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'Jersey Boys' meet the BPO via The Midtown Men

John Morris Russell, the Buffalo Philharmonic Orchestra’s Principal Pops Conductor led the BPO Friday through a wildly successful program based on one of the most popular Broadway confections of the 21st century – “Jersey Boys”.

The term “jukebox musical” refers to a revue built around a specific composer, group, or time period that (sometimes) uses a thin skeleton of a plot to hang the tunes on. “Jersey Boys” is one of those constructions and used the beginnings of 1960s pop group – the Four Seasons – to create a hit Broadway show which, in turn, spawned a variety of profitable touring company productions and homespun theatrical events.

The success of “Jersey Boys” is also responsible for the birth of The Midtown Men, a quartet of vocalists who first met on the stage of and in the practice rooms for the original version of the play. The guys departed “Jersey Boys” at various times during 2008 but the possibilities for a reunion were already being hatched.

By the time 2010 rolled around, they had crafted a slate of songs built around vintage 1960s era songs and were ready to take their show to the world. Seven years later found them in Buffalo singing with the Buffalo Philharmonic Orchestra and, as they’ve done all through their history, the guys nailed it.

While classics by the Four Seasons are peppered amidst the program, the weight of the set list leans towards material originally developed and performed by other artists during the ‘60s. So, while “Dawn (Go Away),” “Oh, What A Night (December 1963)” and a blend of “Big Girls Don’t Cry/Sherry” are drawn from the repertoire at the heart of “Jersey Boys,” the bulk of the program comes from outside that catalog.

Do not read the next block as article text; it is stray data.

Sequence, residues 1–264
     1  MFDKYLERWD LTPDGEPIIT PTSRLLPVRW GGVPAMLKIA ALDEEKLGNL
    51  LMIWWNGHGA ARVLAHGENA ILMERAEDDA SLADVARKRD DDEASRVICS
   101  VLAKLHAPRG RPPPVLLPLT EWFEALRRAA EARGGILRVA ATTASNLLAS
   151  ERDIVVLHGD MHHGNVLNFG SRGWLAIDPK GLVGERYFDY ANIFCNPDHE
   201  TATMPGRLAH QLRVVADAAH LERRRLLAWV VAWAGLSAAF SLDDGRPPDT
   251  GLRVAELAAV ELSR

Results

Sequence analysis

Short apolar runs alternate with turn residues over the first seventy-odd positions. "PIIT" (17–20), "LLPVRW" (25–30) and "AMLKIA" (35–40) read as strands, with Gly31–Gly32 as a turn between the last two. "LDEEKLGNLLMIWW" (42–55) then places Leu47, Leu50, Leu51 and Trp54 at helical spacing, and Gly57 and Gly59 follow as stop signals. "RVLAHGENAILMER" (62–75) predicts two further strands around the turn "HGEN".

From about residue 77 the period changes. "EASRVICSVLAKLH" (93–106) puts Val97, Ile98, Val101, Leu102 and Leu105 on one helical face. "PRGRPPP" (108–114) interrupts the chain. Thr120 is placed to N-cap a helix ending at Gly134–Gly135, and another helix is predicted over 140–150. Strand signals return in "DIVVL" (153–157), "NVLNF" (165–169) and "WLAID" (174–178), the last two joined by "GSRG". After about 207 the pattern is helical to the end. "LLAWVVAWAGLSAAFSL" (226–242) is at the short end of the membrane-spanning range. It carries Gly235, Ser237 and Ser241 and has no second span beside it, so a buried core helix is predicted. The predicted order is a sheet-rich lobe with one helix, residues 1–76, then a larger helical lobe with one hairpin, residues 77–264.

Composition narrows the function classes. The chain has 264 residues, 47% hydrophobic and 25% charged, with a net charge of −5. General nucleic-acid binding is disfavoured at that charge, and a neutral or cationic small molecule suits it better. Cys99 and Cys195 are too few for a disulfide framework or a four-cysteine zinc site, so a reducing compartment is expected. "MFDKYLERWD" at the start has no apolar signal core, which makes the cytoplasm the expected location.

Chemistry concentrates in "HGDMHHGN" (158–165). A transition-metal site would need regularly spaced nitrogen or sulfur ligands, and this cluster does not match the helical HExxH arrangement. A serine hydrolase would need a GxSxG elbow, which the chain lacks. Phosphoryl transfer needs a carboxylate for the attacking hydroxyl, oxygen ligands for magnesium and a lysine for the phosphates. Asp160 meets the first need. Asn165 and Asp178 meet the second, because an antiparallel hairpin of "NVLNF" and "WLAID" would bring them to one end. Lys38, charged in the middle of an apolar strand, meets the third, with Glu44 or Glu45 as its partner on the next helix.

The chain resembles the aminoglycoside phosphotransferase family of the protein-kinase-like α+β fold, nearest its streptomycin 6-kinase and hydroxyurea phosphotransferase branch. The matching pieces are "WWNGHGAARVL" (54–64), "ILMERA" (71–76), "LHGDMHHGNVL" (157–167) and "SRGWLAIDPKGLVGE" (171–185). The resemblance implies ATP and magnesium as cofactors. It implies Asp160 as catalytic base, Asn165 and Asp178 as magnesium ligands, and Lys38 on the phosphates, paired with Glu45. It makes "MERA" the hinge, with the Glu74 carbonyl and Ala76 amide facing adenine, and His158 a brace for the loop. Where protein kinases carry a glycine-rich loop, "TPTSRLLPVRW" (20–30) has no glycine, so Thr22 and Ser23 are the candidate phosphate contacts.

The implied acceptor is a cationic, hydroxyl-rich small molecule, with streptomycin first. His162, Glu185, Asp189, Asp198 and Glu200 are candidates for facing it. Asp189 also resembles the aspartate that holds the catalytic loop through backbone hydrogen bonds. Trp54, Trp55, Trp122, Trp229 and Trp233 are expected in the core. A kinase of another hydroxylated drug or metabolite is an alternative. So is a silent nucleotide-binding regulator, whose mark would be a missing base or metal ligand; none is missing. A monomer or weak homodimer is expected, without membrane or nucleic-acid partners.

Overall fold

That’s why you’ll hear tunes like Lennon and McCartney’s “Can’t Buy Me Love” and “In My Life” bracketed at some point by Motown classics “Get Ready”, “Ain’t That Peculiar”, and a slickly crafted medley of hits by Marvin Gaye, the Jackson Five, and the Temptations.

But really, it’s the singing and how the singers make audible memorabilia shine anew that makes the Midtown Men’s show such an audience hit. All the vocalists hit their stride in different songs. Daniel Reichard took the lead for “Up On the Roof,” J. Robert Spencer’s take on “California Dreamin’” was cool, Christian Hoff’s rendition of “Time of the Season” was a time capsule, and Travis Cloer's falsetto imaging of Frankie Valli and the young Michael Jackson was devastatingly close to the originals.

It would be nitpicking to note that the choreography’s execution was good but not as synchronized as if the old Motown house choreographer “Cholly” Atkins was there to crack the whip but really, some folks would call that mean and small-minded.

If you haven’t seen the show yet, the performance is hanging around through Saturday, April 1 and is worth the effort to see.

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